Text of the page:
Download a copy of the The Handbook on Ordination Examinations from the PCUSA
Each exam (Theology, Worship and Sacraments, and Polity) is divided into three similarly structured sections.
- Section I of each exam contains one question and is open book. You will be able to use a Book of Order or Book of Confessions as appropriate. The book must be clean and unmarked for the Theology and Worship and Sacraments Exam. You may use an indexed Book of Order for the Polity Exam.
- Sections II and III: When you hand in Section I, you will be given Sections II and III. You will not be allowed to use a book for these sections. When you are given these sections, take time to look at all of the questions. Section II will have one question to answer, but Section III will have two questions from which you are to choose one to answer. After looking at all three questions, choose the one with which you are most comfortable to answer first. Answering the questions in this sequence accomplishes several goals: it helps with time management because you are not wasting time answering a question that is difficult for you; you have immediate success by first responding to a question that you can answer correctly; and you will be able to proceed to the more difficult question with confidence and time.
For each question:
- Read the question quickly for an overall idea.
- Reread the question slowly for a more detailed understanding.
- The third time you read the question, underline or number all of the parts that you should address in your answer.
- If the question contains one or more people to whom you are supposed to respond, look at the situation from each person's point of view--not just from you as the pastor. It is important to evaluate issues from different perspectives.
- Outline your response using the underlinings that you made on the third reading as a guide to your organization. Organize your response using the same structure as the question. Don't make the readers hunt for the answers.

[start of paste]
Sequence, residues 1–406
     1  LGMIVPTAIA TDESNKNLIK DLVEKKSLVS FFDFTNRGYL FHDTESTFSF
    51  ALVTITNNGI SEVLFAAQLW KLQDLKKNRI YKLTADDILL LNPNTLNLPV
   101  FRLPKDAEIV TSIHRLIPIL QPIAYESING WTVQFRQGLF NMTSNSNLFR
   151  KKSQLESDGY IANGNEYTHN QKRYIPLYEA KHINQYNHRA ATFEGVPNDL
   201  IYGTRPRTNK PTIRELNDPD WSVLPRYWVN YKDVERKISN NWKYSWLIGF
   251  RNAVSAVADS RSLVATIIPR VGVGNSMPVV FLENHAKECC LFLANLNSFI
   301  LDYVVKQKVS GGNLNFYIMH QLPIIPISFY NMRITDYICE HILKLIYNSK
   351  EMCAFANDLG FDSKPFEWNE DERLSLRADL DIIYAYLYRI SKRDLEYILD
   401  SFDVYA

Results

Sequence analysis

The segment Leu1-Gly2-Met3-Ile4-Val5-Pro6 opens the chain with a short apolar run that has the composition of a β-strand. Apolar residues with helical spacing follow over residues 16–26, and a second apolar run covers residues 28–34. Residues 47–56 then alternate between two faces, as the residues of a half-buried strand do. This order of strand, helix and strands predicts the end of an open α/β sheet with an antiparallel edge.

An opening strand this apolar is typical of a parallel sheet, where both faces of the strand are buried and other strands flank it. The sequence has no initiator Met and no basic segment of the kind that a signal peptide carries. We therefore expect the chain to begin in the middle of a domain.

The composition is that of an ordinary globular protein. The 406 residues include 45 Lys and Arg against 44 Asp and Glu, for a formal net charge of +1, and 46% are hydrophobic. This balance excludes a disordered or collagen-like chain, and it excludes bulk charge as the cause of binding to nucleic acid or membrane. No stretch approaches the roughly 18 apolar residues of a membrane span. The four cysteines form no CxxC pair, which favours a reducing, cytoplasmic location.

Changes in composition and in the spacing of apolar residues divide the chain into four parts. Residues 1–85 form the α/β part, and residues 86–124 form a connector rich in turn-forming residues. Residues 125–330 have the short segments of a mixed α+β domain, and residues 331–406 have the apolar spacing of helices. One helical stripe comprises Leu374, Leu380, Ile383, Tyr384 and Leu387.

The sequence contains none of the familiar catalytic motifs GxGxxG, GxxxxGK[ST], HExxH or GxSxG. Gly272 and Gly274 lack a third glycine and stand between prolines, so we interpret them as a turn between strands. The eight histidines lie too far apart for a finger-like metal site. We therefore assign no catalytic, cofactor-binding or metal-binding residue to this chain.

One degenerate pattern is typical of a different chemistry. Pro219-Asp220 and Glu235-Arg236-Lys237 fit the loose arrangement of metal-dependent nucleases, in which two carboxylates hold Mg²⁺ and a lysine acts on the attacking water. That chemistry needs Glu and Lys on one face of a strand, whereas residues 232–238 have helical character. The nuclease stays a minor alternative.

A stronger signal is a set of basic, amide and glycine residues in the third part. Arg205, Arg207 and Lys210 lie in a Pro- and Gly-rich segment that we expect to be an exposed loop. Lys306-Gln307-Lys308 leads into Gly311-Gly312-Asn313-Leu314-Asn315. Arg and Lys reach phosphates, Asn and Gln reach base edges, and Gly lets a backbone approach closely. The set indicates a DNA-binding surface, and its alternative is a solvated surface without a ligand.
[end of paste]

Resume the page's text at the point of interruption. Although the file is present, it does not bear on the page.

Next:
- When you begin to write, use your outline as a guide. Organization is the key and the outline will provide this. It is better to write a short, direct, and well-organized essay than one that meanders around and never comes to a point.
- Never lose sight of the question being asked. How does every sentence and each paragraph relate to the question?
- Summarize your ideas in a short final paragraph. You can use phrases such as "in conclusion," "in response," "finally," or "in summary." A short conclusion gives the reader a sense of closure and gives you, the writer, an opportunity to demonstrate that you've answered the question completely.
- After you finish writing, reread your answer rechecking to make sure that you have completely answered the question and then correct any spelling or grammar mistakes. Just put a line through the mistake and rewrite the word above. If you see an area that you've left out, put a star where the information should go and then write that paragraph at the end of the test. Don't do this often because it makes the answer confusing to read. However, it is better to be a bit confusing than to not answer part of the question!